Well, fuck you.
David Fincher

Yes, Fincher kills everyone bar Ripley before the film has started and he retains that sense of abject depression throughout the whole picture. A bald and bereaved Ripley is almost raped whilst a group of extremely dangerous convicts sit about rotting in their cells at the edge of the universe and a doctor recounts a story of multiple deaths by his own hand. Wow – ‘Alien3’ is really a barrel of laughs. Even our trusty friend the Alien falls on hard times here, having to take up residence inside a dog and subsequently becoming rendered in CGI.

Alien3 had a lot of trouble coming to life and subsequently it was unfair of me to blame Fincher for any of these despite what I have said above. At various times throughout its stilted production ‘Alien3’ had about thirty writers. Anybody who was anybody in the world of sci-fi was on board at some point. The lead role was handed to and then snatched away from the excellent Michael Biehn. Weaver wanted out, then in, then out again. Ridley Scott was tied in to direct, but couldn't. And then it was re-written again once before and again after Fincher was tied in to direct. Even once production began rolling, the film was plagued with issues. Fincher has publicly announced that he felt suffocated by the studio, who he considers did not trust him with the picture to the point that after he had finished filming they snatched the film away and reworked it extensively before release. All of this manifests itself in a film that just doesn’t make much sense.

‘Alien3’ feels odd, especially when viewed back to back with the first two. It opened in 1992 to mixed reviews and questionable success, and this was reiterated at the Prince Charles. After ‘Aliens’ was over, many of the audience just left, perfectly content to pay the full ticket price for just the first two offerings.

I'm not a huge fan of Alien3 but it does do one thing very, very well. It does something so well that nobody could ever conceive of breaking the rules it sets. What it does is provide an ending to the Alien saga, and whilst it isn’t perfect, it is definitive. In a hugely symbolic yet perfectly accessible finale 20th Century Fox said goodbye to Ripley and the Xenomorph forever. Oh – wait…..

Alien Resurrection
Here are three of the taglines found on IMDB for ‘Alien Resurrection.’
Pray you die first.
It's already too late.
Beyond salvation.

Yes, yes and yes. Whoever put those together was, if nothing else, insightful. I did want to die. It was far too late (half one-ish) and this film is without a doubt beyond salvation. I am not going to write a review of Alien Resurrection and if that sounds like a cop-out that's fine.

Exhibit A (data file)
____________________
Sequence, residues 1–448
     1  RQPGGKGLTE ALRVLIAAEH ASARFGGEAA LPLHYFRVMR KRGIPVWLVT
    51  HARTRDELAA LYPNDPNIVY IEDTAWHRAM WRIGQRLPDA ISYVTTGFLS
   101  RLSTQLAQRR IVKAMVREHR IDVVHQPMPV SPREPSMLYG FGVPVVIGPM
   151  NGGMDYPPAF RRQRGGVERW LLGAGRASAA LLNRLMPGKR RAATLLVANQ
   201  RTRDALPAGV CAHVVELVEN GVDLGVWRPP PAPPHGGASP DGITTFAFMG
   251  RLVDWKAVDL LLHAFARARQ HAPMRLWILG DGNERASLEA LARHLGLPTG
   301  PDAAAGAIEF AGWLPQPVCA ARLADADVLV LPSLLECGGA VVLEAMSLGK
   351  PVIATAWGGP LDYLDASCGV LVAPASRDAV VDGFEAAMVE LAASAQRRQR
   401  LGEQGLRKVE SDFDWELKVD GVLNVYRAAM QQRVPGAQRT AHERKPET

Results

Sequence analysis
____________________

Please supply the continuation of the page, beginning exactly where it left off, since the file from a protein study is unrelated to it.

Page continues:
It is.

The cinema was about a third full at this point; the man to my left that quoted every Bill Paxton line from the second film had long since abandoned ship. My friends and I felt alone, very alone and an inexplicably pissed off Ron Pearlman was all we had for company. During the course of the fourth film I fell asleep and dreamed of a time I went to the cinema to see ‘Alien’ - it was a great dream. Upon waking (just twenty minutes in – sigh) I rolled a cigarette and counted the hairs on a man’s head.

‘Alien Resurrection’ does a lot wrong but perhaps its biggest sin is distancing the audience from their heroine. The three films that preceded it had taken audiences to very different places but we always had a constant. Sometimes bald, sometimes wearing nothing but pants, but always resilient to the Alien menace is Lieutenant Ripley aka ‘The Weaver.’ But in Resurrection Ripley is no longer really Ripley. She is a part human, part Alien clone that it is impossible to engage with. Instead we get Winona Ryder. But wait, she is impossible to engage with as well. Oh, and she isn't human. All is lost.

I hate this film, and I'm sure you can tell. I can't even begin to list the gigantic plot holes or the inexplicably bad decisions made by the characters. I won't even mention the bizarre looking chocolate monster that becomes the films major antagonist in the final reel. I won't mention these things because I was too busy counting the hairs on the back of a man’s head and thinking of a simpler time.

But hey - it's not all bad. Ridley Scott is coming back and the true Alien resurrection can begin. All aboard the ‘Prometheus.’